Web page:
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Re: Why are large code drops damaging to a community?

I would say that, in general, large code drops are more a *symptom* of a problem, rather than a problem, in and of itself...

> On Oct 19, 2018, at 5:12 PM, Alex Harui <aharui@xxxxxxxxx.INVALID> wrote:
> IMO, the issue isn't about large code drops.  Some will be ok.
> The issue is about significant collaboration off-list about anything, not just code.
> My 2 cents,
> -Alex
> On 10/19/18, 1:32 PM, "James Dailey" <jamespdailey@xxxxxxxxx> wrote:
>    +1 on this civil discourse.
>    I would like to offer that sometimes large code drops are unavoidable and
>    necessary.  Jim's explanation of httpd contribution of type 1 is a good
>    example.
>    I think we would find that many projects started with a large code drop
>    (maybe more than one) - a sufficient amount of code - to get a project
>    started.  When projects are young it would be normal and expected for this
>    to happen. It quickly gets a community to a "thing" that can be added to.
>    It obviously depends on the kinds of components, tools, frameworks, etc
>    that are being developed. Game theory is quite apropos - you need a
>    sufficient incentive for *timely* collaboration, of hanging together.
>    Further, if your "thing" is going to be used directly in market (i.e. with
>    very little of a product wrapper ), then there is a strong *disincentive*
>    to share back the latest and greatest. The further from market immediacy
>    the easier it is to contribute. Both the Collaboration space and
>    Competitive space are clearly delineated, whereas in a close to market
>    immediacy situation you have too much overlap and therefore a built in
>    delay of code contribution to preserve market competitiveness.
>    So, combining the "sufficient code to attract contribution" metric with the
>    market-immediacy metric and you can predict engagement by outside vendors
>    (or their contributors) in a project. In such a situation, it is better, in
>    my view, to accept any and all branched code even if it is dev'd off-list.
>    This allows for inspection/ code examination and further exploration - at a
>    minimum.  Accepting on a branch is neither the same as accepting for
>    release, nor merging to master branch.
>    Now, the assumption that the code is better than what the community has
>    developed has to be challenged.  It could be that the branched code should
>    be judged only on the merits of the code (is it better and more complete),
>    or it could be judged on the basis that it "breaks the current build".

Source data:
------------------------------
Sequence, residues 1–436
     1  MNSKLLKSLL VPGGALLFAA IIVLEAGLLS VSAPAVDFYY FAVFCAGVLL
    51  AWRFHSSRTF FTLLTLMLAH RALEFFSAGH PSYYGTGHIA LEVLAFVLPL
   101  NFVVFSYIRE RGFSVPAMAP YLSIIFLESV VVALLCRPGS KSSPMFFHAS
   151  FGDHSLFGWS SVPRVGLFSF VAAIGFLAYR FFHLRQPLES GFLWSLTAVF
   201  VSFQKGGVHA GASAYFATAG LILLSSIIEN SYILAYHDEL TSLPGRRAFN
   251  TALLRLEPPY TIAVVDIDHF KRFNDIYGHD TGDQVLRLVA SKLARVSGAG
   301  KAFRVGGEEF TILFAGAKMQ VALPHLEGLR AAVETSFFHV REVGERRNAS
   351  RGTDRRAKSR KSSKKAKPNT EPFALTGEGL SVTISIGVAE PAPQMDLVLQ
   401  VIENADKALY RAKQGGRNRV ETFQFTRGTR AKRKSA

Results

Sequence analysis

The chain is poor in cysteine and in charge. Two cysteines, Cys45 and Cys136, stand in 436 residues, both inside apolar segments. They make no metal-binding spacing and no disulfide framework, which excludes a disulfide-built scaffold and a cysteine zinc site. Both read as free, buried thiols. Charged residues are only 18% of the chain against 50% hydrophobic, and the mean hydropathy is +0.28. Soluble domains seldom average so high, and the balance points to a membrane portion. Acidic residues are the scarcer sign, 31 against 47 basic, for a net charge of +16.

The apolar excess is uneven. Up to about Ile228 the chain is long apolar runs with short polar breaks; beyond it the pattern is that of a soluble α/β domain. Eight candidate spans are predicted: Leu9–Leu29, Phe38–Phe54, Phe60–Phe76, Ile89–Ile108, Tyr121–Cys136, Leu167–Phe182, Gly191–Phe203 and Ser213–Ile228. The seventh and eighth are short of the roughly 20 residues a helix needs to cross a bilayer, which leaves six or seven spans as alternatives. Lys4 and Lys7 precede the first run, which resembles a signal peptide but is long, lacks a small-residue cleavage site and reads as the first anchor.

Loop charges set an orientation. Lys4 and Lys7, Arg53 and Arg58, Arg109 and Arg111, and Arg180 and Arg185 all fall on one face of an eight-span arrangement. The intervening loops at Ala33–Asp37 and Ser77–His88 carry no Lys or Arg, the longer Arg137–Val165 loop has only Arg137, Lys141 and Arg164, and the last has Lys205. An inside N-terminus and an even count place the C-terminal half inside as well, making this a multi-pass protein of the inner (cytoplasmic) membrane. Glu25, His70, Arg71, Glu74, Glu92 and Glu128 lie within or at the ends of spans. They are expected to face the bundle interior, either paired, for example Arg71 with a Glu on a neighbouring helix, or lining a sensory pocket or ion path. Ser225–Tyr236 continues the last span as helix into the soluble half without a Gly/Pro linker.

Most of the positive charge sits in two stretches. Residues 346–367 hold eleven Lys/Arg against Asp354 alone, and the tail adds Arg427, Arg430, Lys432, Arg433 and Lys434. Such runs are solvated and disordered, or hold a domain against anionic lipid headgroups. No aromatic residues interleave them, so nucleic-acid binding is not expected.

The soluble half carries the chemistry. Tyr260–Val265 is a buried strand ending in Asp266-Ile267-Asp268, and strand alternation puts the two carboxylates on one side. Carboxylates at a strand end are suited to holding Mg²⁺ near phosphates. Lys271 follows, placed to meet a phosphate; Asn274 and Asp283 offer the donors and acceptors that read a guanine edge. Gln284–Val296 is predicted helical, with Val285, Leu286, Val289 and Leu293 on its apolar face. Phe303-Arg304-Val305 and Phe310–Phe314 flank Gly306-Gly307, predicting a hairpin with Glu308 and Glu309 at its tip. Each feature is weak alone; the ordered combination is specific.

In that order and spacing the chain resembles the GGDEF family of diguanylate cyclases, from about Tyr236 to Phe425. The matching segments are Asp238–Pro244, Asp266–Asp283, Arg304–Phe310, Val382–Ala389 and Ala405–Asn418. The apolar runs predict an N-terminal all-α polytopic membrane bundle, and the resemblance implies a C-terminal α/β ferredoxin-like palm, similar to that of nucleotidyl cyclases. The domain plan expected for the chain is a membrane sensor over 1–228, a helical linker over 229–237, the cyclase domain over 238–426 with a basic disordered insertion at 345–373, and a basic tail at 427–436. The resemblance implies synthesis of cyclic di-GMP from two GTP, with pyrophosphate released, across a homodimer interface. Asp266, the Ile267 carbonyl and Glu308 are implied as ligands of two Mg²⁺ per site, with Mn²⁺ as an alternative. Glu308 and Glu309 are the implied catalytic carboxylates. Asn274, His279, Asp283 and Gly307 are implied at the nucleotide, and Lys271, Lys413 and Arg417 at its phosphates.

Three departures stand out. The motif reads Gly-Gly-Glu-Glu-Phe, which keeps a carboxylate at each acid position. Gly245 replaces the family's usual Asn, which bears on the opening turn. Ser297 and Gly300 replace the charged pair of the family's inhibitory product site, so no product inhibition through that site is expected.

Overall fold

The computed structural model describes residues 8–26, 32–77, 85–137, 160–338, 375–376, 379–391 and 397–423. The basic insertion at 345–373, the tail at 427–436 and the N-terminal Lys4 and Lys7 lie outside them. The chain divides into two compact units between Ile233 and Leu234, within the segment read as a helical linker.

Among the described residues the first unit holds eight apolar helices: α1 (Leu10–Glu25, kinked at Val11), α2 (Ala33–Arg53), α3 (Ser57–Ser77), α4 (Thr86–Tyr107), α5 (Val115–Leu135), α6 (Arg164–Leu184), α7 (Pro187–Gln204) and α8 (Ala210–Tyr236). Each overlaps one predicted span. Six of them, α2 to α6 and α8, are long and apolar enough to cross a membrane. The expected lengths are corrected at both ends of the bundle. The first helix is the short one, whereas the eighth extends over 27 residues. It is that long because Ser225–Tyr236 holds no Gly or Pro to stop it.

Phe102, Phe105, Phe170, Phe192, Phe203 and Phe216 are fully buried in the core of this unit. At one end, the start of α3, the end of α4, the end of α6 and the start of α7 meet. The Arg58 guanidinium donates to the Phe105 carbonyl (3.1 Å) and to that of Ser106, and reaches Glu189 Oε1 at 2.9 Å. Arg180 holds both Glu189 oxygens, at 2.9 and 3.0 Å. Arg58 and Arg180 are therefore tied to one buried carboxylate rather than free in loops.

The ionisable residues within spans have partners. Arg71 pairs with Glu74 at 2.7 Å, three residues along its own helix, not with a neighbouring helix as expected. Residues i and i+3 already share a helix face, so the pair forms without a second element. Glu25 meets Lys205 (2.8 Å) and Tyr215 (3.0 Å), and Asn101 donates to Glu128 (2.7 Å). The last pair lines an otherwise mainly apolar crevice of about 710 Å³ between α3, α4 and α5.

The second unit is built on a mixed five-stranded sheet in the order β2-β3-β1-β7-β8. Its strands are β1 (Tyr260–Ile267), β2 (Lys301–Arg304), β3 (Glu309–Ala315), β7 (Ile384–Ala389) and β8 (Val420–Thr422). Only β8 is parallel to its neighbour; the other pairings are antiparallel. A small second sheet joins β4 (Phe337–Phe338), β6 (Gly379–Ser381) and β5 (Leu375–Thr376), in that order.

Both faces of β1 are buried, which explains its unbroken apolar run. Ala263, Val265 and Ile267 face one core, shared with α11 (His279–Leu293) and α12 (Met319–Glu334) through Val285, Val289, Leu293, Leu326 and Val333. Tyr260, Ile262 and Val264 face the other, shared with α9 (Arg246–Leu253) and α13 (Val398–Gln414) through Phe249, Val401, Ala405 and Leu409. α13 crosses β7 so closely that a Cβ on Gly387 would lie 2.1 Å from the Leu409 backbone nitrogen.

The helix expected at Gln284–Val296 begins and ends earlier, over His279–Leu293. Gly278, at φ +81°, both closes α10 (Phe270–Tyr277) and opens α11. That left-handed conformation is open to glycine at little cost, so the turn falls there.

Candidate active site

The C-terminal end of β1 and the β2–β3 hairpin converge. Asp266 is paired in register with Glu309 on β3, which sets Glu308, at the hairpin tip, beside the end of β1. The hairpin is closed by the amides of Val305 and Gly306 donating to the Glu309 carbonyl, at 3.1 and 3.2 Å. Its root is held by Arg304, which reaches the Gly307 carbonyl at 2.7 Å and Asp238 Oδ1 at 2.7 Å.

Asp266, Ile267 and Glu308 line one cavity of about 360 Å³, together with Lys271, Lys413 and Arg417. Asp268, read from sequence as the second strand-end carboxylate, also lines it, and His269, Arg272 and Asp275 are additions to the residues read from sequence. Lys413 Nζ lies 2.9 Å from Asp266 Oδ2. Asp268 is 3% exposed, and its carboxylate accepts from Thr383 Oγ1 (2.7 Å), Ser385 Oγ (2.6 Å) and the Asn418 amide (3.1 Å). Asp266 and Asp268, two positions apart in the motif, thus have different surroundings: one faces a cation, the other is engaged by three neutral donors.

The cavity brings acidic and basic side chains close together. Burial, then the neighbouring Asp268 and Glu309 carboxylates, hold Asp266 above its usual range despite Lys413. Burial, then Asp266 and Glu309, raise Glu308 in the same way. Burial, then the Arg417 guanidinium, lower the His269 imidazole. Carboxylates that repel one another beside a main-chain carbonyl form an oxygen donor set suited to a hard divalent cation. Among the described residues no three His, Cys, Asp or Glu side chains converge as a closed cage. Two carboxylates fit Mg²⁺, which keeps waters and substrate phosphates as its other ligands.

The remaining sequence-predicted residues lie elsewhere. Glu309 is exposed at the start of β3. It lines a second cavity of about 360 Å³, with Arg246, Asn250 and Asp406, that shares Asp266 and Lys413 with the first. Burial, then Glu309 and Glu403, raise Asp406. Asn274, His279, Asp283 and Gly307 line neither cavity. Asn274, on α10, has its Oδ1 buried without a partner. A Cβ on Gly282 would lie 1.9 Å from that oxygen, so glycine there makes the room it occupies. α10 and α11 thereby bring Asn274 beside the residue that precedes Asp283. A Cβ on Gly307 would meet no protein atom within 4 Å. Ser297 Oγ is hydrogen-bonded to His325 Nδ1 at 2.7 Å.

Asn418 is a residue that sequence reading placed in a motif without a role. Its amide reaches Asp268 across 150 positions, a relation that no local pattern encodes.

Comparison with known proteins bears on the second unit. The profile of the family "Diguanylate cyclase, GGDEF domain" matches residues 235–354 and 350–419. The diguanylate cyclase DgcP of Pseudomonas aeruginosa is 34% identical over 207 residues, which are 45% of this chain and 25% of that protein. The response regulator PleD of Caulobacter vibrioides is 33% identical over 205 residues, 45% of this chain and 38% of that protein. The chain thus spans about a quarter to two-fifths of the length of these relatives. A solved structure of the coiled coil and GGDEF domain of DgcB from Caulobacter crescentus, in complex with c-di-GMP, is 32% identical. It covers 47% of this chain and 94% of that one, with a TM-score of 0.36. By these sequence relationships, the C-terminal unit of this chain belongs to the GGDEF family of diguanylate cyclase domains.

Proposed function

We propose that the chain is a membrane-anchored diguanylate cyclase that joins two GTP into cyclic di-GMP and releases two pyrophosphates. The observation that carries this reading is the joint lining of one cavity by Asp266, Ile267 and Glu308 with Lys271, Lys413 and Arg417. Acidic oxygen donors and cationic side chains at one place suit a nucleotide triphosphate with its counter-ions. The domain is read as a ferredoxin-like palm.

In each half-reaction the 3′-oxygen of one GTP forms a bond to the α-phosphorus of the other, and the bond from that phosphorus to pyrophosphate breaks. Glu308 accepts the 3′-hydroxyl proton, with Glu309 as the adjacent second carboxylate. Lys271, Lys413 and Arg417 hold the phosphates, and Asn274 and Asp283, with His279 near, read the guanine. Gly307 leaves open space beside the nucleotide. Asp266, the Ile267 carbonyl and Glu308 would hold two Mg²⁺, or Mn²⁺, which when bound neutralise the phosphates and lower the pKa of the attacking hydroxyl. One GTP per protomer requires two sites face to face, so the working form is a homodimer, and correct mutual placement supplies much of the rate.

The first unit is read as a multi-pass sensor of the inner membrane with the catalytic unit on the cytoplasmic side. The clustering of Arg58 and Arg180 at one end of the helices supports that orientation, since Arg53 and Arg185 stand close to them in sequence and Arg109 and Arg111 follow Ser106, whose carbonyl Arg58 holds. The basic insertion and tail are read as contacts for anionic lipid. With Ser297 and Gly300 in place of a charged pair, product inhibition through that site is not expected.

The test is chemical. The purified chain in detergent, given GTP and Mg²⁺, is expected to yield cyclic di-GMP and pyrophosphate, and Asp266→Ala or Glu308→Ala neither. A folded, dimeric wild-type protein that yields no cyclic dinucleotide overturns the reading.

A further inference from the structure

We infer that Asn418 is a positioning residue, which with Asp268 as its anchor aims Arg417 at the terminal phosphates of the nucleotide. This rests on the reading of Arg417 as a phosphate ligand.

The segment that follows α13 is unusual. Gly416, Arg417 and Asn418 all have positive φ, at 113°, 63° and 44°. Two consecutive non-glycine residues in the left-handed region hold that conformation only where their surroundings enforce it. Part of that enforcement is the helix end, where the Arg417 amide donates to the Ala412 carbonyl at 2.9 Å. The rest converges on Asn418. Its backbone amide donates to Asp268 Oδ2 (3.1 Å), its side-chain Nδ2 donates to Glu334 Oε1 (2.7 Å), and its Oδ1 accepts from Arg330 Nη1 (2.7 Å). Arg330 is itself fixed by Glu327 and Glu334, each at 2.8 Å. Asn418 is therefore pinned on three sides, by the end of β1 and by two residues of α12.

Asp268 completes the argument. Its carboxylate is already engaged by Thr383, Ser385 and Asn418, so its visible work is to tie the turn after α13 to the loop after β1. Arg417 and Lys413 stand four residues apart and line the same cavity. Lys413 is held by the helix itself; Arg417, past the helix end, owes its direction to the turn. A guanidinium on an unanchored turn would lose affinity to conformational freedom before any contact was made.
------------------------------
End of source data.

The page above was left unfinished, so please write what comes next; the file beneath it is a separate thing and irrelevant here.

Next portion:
>    There can be a culture of a project to accept such code drops with the
>    caveat that if the merges cannot be done by the submitting group, then the
>    project will have a resistance to such submissions (you break it, you fix
>    it), or alternatively that there will be a small group of people that are
>    sourced from such delayed-contribution types - that work on doing the
>    merges.  The key seems to be to create the incentive to share code before
>    others do, to avoid being the one that breaks the build.
>    ~jdailey67
>    On Fri, Oct 19, 2018 at 6:10 AM Jim Jagielski <jim@xxxxxxxxxxx> wrote:
>> Large code drops are almost always damaging, since inherent in that
>> process is the concept of "throwing the code over a wall". But sometimes it
>> does work out, assuming that continuity and "good intentions" are followed.
>> To show this, join me in the Wayback Machine as Sherman and I travel to
>> the year 1995...
>> This is right around the start of Apache, back when Apache meant the web
>> server, and at the time, the project was basically what was left of the
>> NCSA web server plus some patches and bug fixes... Around this time, one of
>> the core group, Robert Thau, started independent work on a re-architecture
>> of the server, which he code-named "Shambala". It was basically a single
>> contributor effort (himself). One day he simply said to the group, "Here, I
>> have this new design and architecture for Apache. It adds a lot of
>> features." So much of what defines httpd today can find its origin right
>> there: modular framework, pools, preforking (and, as such, the initial
>> gleaming towards MPMs), extendable API, etc...
>> In many ways, this was a large code drop. What made it different is that
>> there was *support* by the author and the community to work on integrating
>> it into the whole. It became, basically, a community effort.
>> Now compare that with a different scenario... Once httpd had picked up
>> steam, and making sure that it was ported to everyone's favorite *nix
>> flavor was important, SGI had done work on a set of patches that ported
>> httpd to their OS and provided these patches (a set of 10 very large
>> patch-files, iirc) to the group. What was clear in those patches is that
>> there was no consideration at all on how those patches affected or broke
>> anyone else. They rewrote huge swaths of code, optimizing for SGI and
>> totally destroying any sort of portability for anyone else. And when we
>> responded by, asking for more information, help with chatting with their
>> developers to try to figure things out, and basically trying to figure out
>> how to use and merge this stuff, SGI was basically just silent. They sent
>> it to us and that was the beginning and the end of their involvement as far
>> as they were concerned.[1]
>> Way, way too many large code drops are the latter. Hardly any are the
>> former.
>> 1. I have paraphrased both the Shambala and SGI events